1)     The local buses 350 and 351 cost €6, take 60-90 minutes depending on traffic and time of day, and run every 15-30 minutes.  They make frequent stops and are just regular city buses (ie: no place to store your luggage and uncomfortable seats).  If you are looking to save every penny, then this may be a good option for you, but after getting off a redeye flight, it sounded like a nightmare to me.  No thanks!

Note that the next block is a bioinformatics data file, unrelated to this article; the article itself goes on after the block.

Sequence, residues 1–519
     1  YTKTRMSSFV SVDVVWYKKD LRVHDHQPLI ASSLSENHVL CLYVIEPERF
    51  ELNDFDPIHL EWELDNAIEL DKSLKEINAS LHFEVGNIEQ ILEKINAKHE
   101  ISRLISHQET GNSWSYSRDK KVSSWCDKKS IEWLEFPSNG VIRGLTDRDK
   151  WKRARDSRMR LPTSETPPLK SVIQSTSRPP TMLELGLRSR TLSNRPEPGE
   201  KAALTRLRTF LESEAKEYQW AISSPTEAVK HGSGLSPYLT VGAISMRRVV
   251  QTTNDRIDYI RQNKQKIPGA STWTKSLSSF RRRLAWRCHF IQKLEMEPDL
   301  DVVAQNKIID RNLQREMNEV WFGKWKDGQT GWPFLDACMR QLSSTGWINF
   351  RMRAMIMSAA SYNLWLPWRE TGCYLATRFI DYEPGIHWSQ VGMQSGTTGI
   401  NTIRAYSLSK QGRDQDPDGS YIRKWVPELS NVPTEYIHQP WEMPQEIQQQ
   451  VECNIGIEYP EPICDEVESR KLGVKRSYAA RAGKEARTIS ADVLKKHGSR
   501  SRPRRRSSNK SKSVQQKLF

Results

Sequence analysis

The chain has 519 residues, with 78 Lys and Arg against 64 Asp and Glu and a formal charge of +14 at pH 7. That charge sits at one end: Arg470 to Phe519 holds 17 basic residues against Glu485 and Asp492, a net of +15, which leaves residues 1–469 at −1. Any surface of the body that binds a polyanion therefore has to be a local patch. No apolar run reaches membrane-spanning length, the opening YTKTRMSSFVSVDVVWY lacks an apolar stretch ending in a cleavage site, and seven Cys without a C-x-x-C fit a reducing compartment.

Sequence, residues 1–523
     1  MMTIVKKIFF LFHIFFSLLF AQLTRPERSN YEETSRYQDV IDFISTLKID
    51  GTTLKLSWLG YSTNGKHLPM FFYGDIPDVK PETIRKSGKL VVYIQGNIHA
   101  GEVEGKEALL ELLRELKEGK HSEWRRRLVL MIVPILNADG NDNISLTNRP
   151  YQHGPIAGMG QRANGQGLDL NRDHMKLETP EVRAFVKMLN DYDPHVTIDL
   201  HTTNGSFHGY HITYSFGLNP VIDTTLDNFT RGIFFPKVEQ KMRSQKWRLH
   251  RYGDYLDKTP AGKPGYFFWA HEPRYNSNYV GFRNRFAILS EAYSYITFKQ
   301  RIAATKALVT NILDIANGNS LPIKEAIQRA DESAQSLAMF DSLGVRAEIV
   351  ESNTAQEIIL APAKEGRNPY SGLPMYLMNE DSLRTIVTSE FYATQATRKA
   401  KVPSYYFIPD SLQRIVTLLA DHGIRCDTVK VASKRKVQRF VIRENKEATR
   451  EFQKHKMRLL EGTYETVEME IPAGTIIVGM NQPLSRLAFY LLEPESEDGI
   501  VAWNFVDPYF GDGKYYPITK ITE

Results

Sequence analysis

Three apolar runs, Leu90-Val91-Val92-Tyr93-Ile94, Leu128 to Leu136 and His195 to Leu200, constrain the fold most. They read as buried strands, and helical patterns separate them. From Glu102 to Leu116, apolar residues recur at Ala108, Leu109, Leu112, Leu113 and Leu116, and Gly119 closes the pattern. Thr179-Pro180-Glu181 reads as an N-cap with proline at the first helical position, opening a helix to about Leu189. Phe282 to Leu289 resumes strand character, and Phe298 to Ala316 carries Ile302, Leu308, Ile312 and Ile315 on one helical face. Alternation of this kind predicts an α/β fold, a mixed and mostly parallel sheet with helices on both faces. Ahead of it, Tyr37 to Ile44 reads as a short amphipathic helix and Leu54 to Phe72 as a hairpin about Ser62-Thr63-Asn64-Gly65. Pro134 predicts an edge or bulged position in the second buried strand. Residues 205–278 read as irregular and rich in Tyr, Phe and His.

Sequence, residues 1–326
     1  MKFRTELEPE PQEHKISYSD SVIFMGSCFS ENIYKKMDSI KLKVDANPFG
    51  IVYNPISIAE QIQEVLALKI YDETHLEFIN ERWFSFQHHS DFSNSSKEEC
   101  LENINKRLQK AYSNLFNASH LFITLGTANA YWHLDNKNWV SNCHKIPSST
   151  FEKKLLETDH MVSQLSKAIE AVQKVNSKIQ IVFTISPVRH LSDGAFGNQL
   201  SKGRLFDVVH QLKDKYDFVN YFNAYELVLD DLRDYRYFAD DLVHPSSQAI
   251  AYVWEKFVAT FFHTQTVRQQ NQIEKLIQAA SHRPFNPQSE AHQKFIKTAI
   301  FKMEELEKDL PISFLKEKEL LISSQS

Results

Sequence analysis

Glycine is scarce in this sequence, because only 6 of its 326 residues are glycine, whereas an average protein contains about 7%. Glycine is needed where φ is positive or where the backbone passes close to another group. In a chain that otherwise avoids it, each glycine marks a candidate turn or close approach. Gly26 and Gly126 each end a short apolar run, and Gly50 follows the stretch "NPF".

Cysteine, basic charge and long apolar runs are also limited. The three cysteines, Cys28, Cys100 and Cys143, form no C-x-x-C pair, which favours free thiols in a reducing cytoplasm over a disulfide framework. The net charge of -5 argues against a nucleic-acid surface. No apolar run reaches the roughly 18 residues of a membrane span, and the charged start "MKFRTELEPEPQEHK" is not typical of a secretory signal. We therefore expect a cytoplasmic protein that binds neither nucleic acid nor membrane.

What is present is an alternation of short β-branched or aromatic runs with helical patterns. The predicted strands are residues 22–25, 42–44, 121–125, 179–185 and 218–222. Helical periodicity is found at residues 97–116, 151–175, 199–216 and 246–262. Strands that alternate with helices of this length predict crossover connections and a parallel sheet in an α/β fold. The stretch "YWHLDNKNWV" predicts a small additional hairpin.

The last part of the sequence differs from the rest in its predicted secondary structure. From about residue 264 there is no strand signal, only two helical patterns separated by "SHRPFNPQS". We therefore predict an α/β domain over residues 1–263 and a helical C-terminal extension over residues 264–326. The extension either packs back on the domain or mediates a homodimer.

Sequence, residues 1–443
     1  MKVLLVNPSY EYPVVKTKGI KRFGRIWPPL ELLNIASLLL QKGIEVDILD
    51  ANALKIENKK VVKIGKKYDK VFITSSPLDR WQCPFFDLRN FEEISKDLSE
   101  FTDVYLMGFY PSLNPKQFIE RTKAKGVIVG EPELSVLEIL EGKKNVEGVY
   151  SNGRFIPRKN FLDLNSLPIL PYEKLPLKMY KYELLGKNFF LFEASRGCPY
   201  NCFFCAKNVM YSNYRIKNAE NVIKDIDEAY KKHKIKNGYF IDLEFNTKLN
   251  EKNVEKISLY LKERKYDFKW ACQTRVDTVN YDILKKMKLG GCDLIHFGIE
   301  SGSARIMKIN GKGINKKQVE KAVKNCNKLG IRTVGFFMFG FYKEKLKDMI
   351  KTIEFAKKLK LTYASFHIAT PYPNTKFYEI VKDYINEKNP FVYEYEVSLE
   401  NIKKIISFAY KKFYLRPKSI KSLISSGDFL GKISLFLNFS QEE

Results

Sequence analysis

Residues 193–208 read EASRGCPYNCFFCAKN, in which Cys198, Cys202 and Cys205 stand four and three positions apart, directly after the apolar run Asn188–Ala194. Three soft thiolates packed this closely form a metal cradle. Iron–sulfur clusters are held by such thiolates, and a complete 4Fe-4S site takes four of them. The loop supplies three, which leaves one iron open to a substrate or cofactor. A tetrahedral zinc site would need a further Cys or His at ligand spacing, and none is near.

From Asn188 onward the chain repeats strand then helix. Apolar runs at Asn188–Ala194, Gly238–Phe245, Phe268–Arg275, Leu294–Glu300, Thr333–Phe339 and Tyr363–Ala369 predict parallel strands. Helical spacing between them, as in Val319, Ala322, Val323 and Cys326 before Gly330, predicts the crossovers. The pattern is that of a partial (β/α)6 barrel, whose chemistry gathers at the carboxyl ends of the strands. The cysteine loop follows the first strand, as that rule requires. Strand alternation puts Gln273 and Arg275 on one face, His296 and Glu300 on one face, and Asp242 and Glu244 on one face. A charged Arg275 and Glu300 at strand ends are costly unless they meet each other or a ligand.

2)     The RER B train costs €10.30 and takes approximately 30 minutes to reach Paris.  The best part of this option was timing as the train runs on a schedule and avoids traffic on the roads.  We would be traveling during Friday afternoon rush hour, so the train was likely to be very crowded, and it is notorious for pick pockets who prey on exhausted and disoriented tourists.  The closest RER B station to our hotel was Gare du Nord, so it would have involved many flights of stairs and transferring to two different metro lines to reach our hotel.  Had we taken the train, I considered taking a taxi from Gare du Nord to our hotel because while it is a little over a mile away, there is no direct metro line to get us there.  Not ideal, and again, probably not a fun start to our time in Europe, so I eliminated this option.